JTF (just the facts): A total of 11 large scale digital C prints, displayed without frames throughout the main gallery. The images come in three sizes (39×51, 47×63 and 47×106) and the negatives range from 2003-2008 (part of two separate series: Formen and Sachliches). The prints are made in editions of 6. (Installation shots at right.)
Comments/Context: If there is a pattern to the work of students of Bernd and Hilla Becher (and more recently Thomas Ruff) from the Dusseldorf Art Academy, it seems to be a shared respect for large format photography, overlaid with an often strict intellectual/conceptual framework. Polish photographer Josef Schulz’ pictures, now on view at Yossi Milo, have all the hallmarks of this educational approach.
The subject matter of Schulz’ photographs is familiar ground: factories, warehouses, storage facilities and other industrial forms. We have seen plenty of these buildings over the past few decades, particularly from the German photographers. What is different and thought-provoking about these pictures is the theoretical inversion that Schulz is playing with. In his pictures, Schulz takes large format images of these industrial structures and then digitally strips away all the contextual information (signs, windows, aging, landscaping, location etc.), leaving behind clean, simple forms of corrugated steel and concrete. He takes the real buildings and breaks them back down into their elemental blocks, leaving them looking like simple architectural models.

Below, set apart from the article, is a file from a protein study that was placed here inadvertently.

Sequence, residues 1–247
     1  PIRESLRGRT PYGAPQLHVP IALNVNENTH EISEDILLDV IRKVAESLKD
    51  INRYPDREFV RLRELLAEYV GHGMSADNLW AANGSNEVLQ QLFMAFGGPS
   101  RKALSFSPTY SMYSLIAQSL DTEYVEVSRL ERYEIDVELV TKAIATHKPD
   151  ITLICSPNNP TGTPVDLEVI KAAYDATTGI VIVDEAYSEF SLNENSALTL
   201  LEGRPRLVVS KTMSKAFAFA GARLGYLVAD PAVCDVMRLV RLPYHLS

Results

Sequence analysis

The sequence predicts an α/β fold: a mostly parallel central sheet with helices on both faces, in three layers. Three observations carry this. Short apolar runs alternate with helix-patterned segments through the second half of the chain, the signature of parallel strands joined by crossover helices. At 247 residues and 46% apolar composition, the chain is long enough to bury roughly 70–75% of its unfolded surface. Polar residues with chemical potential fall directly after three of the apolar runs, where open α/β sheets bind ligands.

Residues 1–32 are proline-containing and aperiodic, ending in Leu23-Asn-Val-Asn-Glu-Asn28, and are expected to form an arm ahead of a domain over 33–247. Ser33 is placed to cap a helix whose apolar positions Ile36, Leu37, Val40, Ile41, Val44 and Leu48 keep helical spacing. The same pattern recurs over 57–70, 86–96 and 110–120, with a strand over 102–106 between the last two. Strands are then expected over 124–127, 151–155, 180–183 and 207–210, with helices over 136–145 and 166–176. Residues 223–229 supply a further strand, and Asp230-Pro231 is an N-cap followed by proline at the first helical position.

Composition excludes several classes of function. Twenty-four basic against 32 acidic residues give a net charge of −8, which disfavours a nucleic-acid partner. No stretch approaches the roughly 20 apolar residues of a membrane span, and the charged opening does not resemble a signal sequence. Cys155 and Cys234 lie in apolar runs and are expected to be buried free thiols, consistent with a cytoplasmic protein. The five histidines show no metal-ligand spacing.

These pictures have an eerie silence to them, as if the super perfect futuristic world is still being put together and the people have yet to arrive. (When they do, they’ll certainly all have matching jumpsuits and haircuts.) If you step back from the works as grounded in some kind of reality, they become almost abstract exercises in color, form, shape and volume – design concepts rendered in a CAD software program. Each work travels the same path: the viewer’s mind begins by trying to invent or add back some details of context to make the image “make sense”; when this fails, the viewer is forced into an examination of the building as a generic, and often surprisingly beautiful, form. If you like your photography cool and intellectual, this is a show for you.
The artist’s website can be found here.
Collector’s POV: The prints in this show are priced between $10000 and $16000 based on size, which seems a bit high for a first solo show in New York, even if the works are physically quite large. Given the string of stars that have been produced by the Bechers, perhaps this pricing is just a “provenance” effect.
Rating: * (one star) GOOD (rating system described here)
Josef Schulz, Form
Through January 31st
Yossi Milo Gallery
525 West 25th Street
New York, NY 10001
UPDATE: More Schulz at Conscientious, here.